Review by Derrick Carter
Running Time: 2 hours 4 minutes
MPAA Rating: PG-13 for Intense Depiction of the Salem Witch Trials
Directed by: Nicholas Hytner
Written by: Arthur Miller
(based on the play THE CRUCIBLE by Arthur Miller)
Starring: Daniel Day-Lewis, Winona Ryder, Paul Scofield, Joan Allen, Bruce Davison, Rob Campbell, Jeffrey Jones, Peter Vaughn, Karron Graves, Charlayne Woodard
Two years ago, I read THE CRUCIBLE in one of my college courses. I found it to be a fascinating look on the Salem Witch Trials and an equally interesting commentary on the McCarthyism era. It’s really surprising to me that this well-regarded classic has only been adapted into film format only twice. The first was a 1958 French film (ironic, seeing as the story is set in Salem). The second (and latest) movie is this Award-season hopeful that tanked at the box office and walked away with only two Academy Award nominations (neither of which were won). Luckily, a viewer can venture for something outside of mere entertainment. This same kind of person might appreciate a tough piece of art that is just as concerned about delivering a powerful message as it is telling an engaging story. In this case, the story being told is a fictionalized account of the Salem witch trials. The characters are based around very real people, but the play (and film adaptations) remain pieces of historical fiction.
The film is set in 1692. A group of teenage girls in Salem, Massachusetts have gone dancing around a fire and committed some sort of ritual that might be perceived as black magic. Seeing as this is a Puritan community, dancing is forbidden and the possibility of conjuring spirits just makes matters worse. The girls in question begin to play on the townsfolk’s fear of Satan and accuse other residents of witchcraft, resulting in imprisonment (if they confess) or execution (if they refuse to confess). This is the kind of judicial logic we’re dealing with in this time period.
John Proctor is a humble farmer who believes that God is good, but Salem would be a far better place if the citizens actually took his core teachings into their hearts. Abigail Williams, the leader of the accusers, had an affair with John and now seeks to get revenge on his wife. The court system is flawed and faith is deadly in this community. As more good people are suffering fates from the false accusations, John tries to find a way to beat the system and prove that Abigail is a vicious liar. The real question is how far he will go to see reason prevail and if it will prevail at all?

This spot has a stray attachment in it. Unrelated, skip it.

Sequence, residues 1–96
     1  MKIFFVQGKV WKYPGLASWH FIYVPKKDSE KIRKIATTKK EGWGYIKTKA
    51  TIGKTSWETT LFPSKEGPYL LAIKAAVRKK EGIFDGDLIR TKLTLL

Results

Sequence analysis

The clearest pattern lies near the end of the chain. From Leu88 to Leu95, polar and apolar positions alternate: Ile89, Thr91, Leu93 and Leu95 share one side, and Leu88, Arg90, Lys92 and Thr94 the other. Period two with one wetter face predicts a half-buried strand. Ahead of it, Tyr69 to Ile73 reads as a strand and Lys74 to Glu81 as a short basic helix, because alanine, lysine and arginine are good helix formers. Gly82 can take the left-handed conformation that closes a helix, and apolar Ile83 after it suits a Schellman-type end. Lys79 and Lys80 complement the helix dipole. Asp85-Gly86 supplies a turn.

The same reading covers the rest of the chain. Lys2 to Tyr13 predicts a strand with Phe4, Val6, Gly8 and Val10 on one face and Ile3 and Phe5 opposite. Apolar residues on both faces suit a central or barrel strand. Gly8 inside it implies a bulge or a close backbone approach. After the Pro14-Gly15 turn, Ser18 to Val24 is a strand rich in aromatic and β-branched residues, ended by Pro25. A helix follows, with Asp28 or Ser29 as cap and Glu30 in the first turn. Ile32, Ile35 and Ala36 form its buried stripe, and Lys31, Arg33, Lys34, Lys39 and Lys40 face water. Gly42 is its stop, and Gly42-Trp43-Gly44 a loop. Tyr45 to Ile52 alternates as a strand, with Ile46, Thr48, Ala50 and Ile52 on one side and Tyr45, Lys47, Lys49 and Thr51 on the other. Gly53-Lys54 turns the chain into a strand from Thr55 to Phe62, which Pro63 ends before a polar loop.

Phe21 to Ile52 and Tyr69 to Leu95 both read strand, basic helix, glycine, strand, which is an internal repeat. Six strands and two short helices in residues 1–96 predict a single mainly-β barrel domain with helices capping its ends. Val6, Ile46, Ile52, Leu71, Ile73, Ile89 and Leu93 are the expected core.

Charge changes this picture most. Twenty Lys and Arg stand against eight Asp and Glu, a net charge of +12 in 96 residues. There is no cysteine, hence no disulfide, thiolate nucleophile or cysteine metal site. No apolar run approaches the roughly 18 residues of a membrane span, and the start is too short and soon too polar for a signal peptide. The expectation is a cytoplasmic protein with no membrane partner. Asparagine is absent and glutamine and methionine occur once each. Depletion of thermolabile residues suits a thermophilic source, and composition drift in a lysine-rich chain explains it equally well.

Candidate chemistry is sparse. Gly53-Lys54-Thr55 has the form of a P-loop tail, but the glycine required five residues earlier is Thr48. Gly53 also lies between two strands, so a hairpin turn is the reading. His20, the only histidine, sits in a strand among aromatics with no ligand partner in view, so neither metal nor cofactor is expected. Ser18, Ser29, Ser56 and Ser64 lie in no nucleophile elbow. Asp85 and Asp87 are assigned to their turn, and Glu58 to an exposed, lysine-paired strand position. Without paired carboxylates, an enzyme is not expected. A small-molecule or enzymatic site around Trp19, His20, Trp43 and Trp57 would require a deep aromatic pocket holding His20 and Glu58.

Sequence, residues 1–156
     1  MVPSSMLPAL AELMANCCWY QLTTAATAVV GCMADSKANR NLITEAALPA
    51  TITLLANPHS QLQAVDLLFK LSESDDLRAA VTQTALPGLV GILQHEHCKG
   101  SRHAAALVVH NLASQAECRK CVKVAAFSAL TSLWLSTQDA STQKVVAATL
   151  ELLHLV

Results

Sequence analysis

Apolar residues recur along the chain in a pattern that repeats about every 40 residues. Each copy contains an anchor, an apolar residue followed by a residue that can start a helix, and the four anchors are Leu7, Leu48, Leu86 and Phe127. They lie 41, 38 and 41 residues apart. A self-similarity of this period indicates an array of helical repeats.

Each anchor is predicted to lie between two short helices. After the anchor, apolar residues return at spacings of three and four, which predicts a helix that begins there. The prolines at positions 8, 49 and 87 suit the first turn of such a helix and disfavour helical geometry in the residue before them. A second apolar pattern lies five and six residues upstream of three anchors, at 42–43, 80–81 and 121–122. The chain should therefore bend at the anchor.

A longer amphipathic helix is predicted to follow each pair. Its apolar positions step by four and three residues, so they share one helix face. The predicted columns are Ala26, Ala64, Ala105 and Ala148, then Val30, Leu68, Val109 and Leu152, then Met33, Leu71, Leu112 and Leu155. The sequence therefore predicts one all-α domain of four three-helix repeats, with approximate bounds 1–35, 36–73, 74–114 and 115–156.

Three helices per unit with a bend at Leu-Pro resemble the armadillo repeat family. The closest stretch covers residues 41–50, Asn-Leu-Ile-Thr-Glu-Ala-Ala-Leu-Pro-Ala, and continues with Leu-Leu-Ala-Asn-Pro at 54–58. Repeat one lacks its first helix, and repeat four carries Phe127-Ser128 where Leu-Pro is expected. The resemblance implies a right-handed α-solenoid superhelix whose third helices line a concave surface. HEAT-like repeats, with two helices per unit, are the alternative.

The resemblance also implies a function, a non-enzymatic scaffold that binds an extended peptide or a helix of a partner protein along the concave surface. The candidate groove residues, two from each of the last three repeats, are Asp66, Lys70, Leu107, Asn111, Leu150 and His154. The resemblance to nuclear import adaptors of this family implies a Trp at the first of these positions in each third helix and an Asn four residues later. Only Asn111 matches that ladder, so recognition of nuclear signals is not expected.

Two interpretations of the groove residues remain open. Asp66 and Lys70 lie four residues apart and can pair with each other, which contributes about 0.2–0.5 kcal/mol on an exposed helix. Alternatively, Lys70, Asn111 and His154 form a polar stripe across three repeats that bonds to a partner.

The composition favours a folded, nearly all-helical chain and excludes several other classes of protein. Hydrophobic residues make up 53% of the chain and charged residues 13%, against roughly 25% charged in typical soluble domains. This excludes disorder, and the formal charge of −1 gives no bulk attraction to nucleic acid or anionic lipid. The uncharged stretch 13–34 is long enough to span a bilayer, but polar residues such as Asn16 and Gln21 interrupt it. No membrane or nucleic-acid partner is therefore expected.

THE CRUCIBLE is one of those rare movies that absolutely makes the viewer angrier and angrier as it goes along. It’s not that the film is awful (though it does have some problems I’ll address soon enough), but you feel for the dire situation that it’s presenting. The effect this film brought on me is nothing short of infuriating (much like the play itself). Arthur Miller was actually responsible for the screenplay and it helps that he’s adapting his own work here. Some scenes were added (at least, I think they were since I can’t remember some of these things going on in the play at all) and it seems that Miller was having a blast working in a bigger playground. A stage only has so much room for sets and actors, but THE CRUCIBLE plays out with plot points that are given sufficient time to develop.
There in lies the rub of this film. At points, this movie doesn’t feel like a movie. Instead, it feels like a stage play. I mainly feel this came in the sets themselves. At points, the actors appear to be on a sound stage. We don’t see a rig or stage crew members in the background, but it has the same feeling nonetheless. The costumes are also a bit hokey and feel false. Again, it’s not like they look completely fake, but it’s the same effect I got from the set design.
The running time also becomes an issue. Just because a play might run three hours long (given all the production work and time that you can execute the final product), doesn’t mean a film version should run even close to the same length. There are some portions of THE CRUCIBLE that could have been significantly shortened down or (in a couple of cases) taken out of the final cut completely. This might have made for a tighter running time. It’s a movie primarily full of talking heads, but what they’re talking about brings the real notable quality. The infuriating power that the story radiates (despite these technical problems) makes for a movie with an even more relevant point to make.
All in all, you might dig this film adaptation if you’re a fan of the play itself. If you thought it was boring when you may have been forced to read it for school, then you might not like it nearly as much. Personally, I thought this 1996 film was stiff around the edges, but the material remains potent enough to make for a decent viewing. Fan of Miller’s work or interested in the Salem witch trials (albeit a fictionalized version of it), you will probably like THE CRUCIBLE. If you’re not a fan of the play and are being forced to watch this in class, then you probably won’t think too highly of it.